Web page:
Definition of water:
Dictionary meaning of water goes like this:
“A colourless, transparent, odourless liquid that forms the seas, lakes, rivers, and rain and is the basis of the fluids of living organisms”
Water exists as gaseous, liquid, and solid substance that is made up of the chemical elements hydrogen and oxygen. It is one of the most abundant and necessary compounds.At room temperature, it is a tasteless and odourless liquid with the critical capacity to dissolve a wide range of other compounds. Water's versatility as a solvent is critical to the survival of living creatures.Life is thought to have begun in the aqueous solutions of the world's oceans, and living organisms rely on aqueous solutions for biological processes such as blood and digestive juices.Other planets and moons, both inside and outside the solar system, have water. Water appears colourless in small amounts, but it possesses an intrinsic blue colour due to modest absorption of light at red wavelengths.
Structure and composition of water:
Two hundred years before, Aristotle considered water to be one of four fundamental elements, in addition to earth, air, and fire. The belief that water was a fundamental substance persisted for more than 2,000 years until experiments in the second half of the 18th century showed that water is a compound made up of the elements hydrogen and oxygen.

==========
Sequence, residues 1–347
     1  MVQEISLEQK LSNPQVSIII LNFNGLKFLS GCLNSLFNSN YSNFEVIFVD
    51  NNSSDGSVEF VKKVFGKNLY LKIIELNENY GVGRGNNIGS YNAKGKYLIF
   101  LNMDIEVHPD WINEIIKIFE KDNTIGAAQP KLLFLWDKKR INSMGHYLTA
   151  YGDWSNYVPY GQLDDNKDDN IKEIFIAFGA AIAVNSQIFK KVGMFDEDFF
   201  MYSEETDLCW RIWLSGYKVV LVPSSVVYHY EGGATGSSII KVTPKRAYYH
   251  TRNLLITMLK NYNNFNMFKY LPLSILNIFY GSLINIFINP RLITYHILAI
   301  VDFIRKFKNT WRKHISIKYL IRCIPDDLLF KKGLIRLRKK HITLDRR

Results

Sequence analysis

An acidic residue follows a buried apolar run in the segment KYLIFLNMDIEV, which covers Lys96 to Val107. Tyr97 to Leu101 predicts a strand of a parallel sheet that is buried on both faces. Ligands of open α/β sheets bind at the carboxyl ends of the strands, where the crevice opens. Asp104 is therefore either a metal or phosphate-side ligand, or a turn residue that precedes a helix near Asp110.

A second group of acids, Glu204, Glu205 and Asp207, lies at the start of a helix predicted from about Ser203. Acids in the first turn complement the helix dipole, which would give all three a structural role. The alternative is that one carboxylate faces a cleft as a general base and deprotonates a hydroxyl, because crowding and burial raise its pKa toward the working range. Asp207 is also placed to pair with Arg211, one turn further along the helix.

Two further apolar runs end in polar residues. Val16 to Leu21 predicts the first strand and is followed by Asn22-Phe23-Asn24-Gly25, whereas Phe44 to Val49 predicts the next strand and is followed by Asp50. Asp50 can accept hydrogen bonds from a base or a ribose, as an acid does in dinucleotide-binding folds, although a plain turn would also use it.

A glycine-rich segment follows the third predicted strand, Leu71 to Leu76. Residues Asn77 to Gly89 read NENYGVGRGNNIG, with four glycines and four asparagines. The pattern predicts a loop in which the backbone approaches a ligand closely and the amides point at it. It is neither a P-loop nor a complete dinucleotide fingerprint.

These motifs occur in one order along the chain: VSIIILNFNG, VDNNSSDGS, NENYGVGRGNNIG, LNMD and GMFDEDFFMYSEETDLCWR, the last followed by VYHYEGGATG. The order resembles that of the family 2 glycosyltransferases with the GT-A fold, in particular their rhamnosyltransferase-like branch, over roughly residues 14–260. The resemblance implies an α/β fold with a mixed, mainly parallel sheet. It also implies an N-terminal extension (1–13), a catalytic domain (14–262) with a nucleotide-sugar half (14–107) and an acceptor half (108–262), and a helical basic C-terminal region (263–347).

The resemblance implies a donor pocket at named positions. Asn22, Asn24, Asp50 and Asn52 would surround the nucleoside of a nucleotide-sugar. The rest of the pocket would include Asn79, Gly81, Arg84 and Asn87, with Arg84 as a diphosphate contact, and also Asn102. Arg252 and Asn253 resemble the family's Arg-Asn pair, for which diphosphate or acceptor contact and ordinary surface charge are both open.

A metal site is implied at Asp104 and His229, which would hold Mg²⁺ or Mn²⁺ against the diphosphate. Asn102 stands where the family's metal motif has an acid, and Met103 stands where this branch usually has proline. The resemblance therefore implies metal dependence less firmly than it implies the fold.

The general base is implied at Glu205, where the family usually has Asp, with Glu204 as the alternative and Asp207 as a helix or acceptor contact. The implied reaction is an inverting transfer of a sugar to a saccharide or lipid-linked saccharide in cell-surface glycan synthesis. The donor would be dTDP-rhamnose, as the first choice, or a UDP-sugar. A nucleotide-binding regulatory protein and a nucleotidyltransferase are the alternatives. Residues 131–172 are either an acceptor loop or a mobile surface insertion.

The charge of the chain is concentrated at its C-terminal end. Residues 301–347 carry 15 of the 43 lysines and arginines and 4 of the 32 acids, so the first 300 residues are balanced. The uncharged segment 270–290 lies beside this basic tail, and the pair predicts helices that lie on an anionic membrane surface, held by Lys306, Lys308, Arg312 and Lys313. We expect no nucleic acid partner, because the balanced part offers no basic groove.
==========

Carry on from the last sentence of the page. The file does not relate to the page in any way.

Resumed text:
Water is a simple molecule made up of one oxygen atom and two hydrogen atoms linked together. The bonds are polar covalent because the oxygen atom has a higher electronegativity (polar bonds).The shared electrons of covalent bonds are attracted to the oxygen atom to a far larger extent than the hydrogen atoms. As a result, the oxygen atom gets a partial negative charge, whereas the hydrogen atoms get partial positive charges because of the two lone pairs of electrons.
Water has a number of essential physical characteristics. Although these properties are well-known due to water's ubiquitous existence, the majority of water's physical properties are rather unusual. Water has extraordinarily high viscosity, surface tension, heat of vaporisation, and entropy of vaporisation, all of which can be attributed to the significant hydrogen bonding connections found in liquid water, given the low molar mass of its constituent molecules.
Water is subjected to a variety of chemical reactions. Water's ability to serve as both an acid (a proton donor) and a base (a proton acceptor), which is a hallmark trait of amphoteric substances, is one of its most essential chemical properties. The autoionization of water is the best example of this behaviour.
Behaviour of Water:
When water is exposed to high temperatures and pressures, its characteristic capacity to behave as a polar solvent (dissolving medium) changes. As the temperature of the water rises, the molecules appear to be more prone to interact with nonpolar molecules.Beyond its critical temperature and pressure (374 °C [705.2 °F], 218 atmospheres), water behaves in an unexpected way. The distinction between the liquid and gaseous forms of water vanishes beyond its critical temperature, and it becomes a supercritical fluid, whose density may be changed from liquidlike to gaslike by adjusting its temperature and pressure.